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ON THE OTHER SIDE OF THE TRACKS, SERIES 5, PART 3

Rockdale’s black women of the 1950s and 1960s
By SUSIE SANSOM-PIPER
Reporter contributor

Editor’s note: The fifth edition of Susie Sansom Piper’s Black History Month series “On The Other Side of the Tracks” looks back at notable African- American women in Rockdale’s history.

At this particular time, the world seemed to have made a complete change.

The fabulous fifties and early sixties were times when the baby boomers began to come into focus. Poodle skirts with heavily starched crinoline undergarments so they could stand out were special.

The favorite Little Golden Book for children was published. “Old Yeller” was the favorite movie, and the hippies began to become an intricate part of life.

The Cold Wars and the “never understood” Vietnam war were happening.

Elvis Presley was the favorite singer. The 60s were also labeled as the Kennedy Era, for it was then when the popular John F. Kennedy became president.

The Civil Rights Movement began in the sixties, and there was a vast amount of unrest and explosive upheavals. Nothing was certain, and most of the historical things that happened during this era were unbelievable.

These phenomenal women were probably in their high school years, never really realizing the impact that they would have on their hometown some day.

Emma C. Metcalf, Imogene Gray and Charles E. McDonald McFarland were the next licensed beauticians in the city. All operated in Rockdale, except McFarland who later moved to Houston.

Ora V. Scott—Aycock honor Graduate who began her teaching career in the Liberty Hill Community, then later in Port Arthur. During the early beginnings of Integration, she made history for her hometown as she became one of the first blacks to be a part of the Texas Education Agency. She was a reading specialist.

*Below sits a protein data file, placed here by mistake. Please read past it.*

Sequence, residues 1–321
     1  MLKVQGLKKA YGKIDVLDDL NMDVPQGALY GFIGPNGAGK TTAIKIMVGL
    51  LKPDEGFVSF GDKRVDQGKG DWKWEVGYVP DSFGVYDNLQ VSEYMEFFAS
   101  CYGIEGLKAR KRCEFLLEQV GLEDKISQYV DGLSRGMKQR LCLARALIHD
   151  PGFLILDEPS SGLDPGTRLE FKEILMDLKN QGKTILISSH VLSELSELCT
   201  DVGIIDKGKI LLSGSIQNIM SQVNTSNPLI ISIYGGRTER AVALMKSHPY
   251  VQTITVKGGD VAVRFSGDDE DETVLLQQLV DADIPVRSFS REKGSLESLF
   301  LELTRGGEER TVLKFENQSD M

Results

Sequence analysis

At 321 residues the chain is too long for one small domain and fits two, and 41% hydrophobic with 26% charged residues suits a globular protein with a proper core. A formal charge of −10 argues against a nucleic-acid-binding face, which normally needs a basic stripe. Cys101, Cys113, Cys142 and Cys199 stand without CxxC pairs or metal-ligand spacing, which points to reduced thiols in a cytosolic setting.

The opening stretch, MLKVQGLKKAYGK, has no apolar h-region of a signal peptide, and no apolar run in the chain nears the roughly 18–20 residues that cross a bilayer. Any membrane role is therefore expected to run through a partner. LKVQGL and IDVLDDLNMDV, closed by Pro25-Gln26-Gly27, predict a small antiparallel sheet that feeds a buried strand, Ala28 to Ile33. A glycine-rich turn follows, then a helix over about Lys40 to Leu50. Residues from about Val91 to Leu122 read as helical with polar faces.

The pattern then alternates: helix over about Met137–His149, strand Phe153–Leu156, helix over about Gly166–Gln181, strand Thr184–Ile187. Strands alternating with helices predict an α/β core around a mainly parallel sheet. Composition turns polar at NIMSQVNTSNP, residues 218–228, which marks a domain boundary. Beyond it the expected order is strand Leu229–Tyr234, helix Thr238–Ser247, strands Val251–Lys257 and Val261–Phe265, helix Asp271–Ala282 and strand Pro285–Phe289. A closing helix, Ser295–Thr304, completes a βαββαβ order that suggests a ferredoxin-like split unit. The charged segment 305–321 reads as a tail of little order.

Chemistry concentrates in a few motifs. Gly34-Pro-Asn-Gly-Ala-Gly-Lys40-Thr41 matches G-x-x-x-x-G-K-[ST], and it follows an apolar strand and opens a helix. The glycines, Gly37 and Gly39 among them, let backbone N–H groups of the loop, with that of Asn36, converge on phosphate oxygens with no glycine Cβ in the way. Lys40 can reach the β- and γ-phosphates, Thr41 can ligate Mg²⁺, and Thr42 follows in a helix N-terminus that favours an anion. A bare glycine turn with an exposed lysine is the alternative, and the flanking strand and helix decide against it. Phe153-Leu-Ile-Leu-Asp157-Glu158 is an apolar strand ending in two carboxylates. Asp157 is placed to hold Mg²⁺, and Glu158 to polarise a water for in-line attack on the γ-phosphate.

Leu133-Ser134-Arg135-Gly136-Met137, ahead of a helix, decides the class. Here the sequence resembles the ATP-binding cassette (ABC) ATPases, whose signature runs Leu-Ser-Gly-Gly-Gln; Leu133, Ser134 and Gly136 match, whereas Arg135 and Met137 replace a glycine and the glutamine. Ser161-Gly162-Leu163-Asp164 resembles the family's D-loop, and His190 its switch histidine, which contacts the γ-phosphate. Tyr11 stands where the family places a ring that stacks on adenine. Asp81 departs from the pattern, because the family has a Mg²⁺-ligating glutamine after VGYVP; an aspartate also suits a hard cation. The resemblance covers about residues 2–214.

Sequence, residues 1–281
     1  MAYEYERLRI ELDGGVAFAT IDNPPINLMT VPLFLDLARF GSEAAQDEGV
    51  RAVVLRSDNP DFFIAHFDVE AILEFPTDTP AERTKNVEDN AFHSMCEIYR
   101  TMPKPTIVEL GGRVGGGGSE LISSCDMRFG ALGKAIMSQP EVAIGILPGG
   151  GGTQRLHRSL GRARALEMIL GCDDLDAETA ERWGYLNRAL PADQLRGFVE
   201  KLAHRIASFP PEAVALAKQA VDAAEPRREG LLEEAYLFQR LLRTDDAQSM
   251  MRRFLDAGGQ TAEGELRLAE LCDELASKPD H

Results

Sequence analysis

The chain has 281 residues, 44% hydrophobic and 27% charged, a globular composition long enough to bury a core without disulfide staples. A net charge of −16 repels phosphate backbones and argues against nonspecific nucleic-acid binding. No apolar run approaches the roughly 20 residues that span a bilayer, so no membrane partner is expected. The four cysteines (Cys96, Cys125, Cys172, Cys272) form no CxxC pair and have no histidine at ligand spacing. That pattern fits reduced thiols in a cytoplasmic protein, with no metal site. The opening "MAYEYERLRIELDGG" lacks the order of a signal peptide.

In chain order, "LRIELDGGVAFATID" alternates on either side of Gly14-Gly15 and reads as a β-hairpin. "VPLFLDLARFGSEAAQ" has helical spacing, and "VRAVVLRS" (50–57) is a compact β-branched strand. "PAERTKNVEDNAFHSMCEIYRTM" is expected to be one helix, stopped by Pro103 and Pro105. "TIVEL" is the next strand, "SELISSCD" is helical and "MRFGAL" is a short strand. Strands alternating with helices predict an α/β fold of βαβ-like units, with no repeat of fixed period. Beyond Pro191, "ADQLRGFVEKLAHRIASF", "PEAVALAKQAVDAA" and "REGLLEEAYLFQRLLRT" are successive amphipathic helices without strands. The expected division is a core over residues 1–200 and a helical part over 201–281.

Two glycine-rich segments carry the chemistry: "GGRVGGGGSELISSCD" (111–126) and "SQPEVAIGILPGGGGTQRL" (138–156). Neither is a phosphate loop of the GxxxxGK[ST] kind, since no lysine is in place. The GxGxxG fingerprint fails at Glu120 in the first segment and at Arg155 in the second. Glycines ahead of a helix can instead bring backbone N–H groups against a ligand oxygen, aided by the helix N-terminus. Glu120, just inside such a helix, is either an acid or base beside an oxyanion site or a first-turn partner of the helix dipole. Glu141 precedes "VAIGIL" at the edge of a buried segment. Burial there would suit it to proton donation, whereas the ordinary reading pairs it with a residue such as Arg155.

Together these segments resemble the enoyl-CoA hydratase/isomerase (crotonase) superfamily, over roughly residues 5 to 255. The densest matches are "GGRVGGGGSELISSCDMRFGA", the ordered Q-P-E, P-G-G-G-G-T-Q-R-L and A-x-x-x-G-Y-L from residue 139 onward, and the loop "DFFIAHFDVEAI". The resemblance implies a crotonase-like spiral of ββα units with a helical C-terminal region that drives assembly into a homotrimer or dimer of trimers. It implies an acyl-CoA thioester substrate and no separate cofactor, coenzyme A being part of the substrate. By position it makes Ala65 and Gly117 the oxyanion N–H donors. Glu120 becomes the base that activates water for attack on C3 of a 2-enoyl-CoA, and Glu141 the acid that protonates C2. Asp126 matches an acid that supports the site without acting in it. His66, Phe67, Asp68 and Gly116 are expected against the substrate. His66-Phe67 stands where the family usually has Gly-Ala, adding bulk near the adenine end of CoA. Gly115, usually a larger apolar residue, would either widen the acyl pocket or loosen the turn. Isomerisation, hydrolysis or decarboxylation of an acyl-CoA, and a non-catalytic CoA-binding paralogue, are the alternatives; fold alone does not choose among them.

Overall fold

Annie Marie Denmon- Ellison completed her LVN at Delmar College in Corpus Christi. She worked in this city, later returned to Richards Memorial Hospital, and spent many years there as lab technician.

Imie Mae Banks-Ledbetter— Aycock honor graduate began her teaching career in Sharp, later became a licensed beautician, and a government worker in postal ser v ices in Houston, Texas. She and her late sister, Emma, are owners of the Banks Apartments in Rockdale.

Doris Moore Hardeman was a well-known gospel singer who organized the former Hardeman Echoes. They were well known in the Central Texas area.

Bertha Thomason-Kline, an Aycock honor graduate, was also a graduate of the Prairie View A. & M. Nursing Program. She served as head nurse in the Houston ISD. She is also well known for her Biblical teachings in many other cities.

Mildred Wilhite Lovelady— Aycock honor graduate began her teaching career in Marlin in the field of music. She taught for one year at Aycock, and was transferred to high school during the first year of integration. The following year she began teaching music in the Houston ISD.

Allie Mae Banks Powell— Registered nurse, who was a graduate of Aycock, but completed her nursing education in San Francisco, California. She still resides in that city.

Margaret Banks Flowers— Educator who began her teaching career in Cameron, then to La Grange and later in the Houston ISD working in this district until retirement.

Johnnie M. Black- Steptoe and Bobbie Nell Richard Castleberry, both Aycock Honor graduates who taught in the Fort Worth ISD, and Bobbie also served as counselor for elementary grades.

Bette Smith Williams— Rockdale’s first black woman on the city council, serving for two terms. She was also president of the Aycock Alumni Association for more than 20 years.

Helen M. Crayton-Rhem— Educator who began her career in Hearne, then to LaMarque and later Palo Alto, California. She was a reading specialist, who also tutored outside of the classroom to improve a child’s reading skills. (Aycock honor graduate).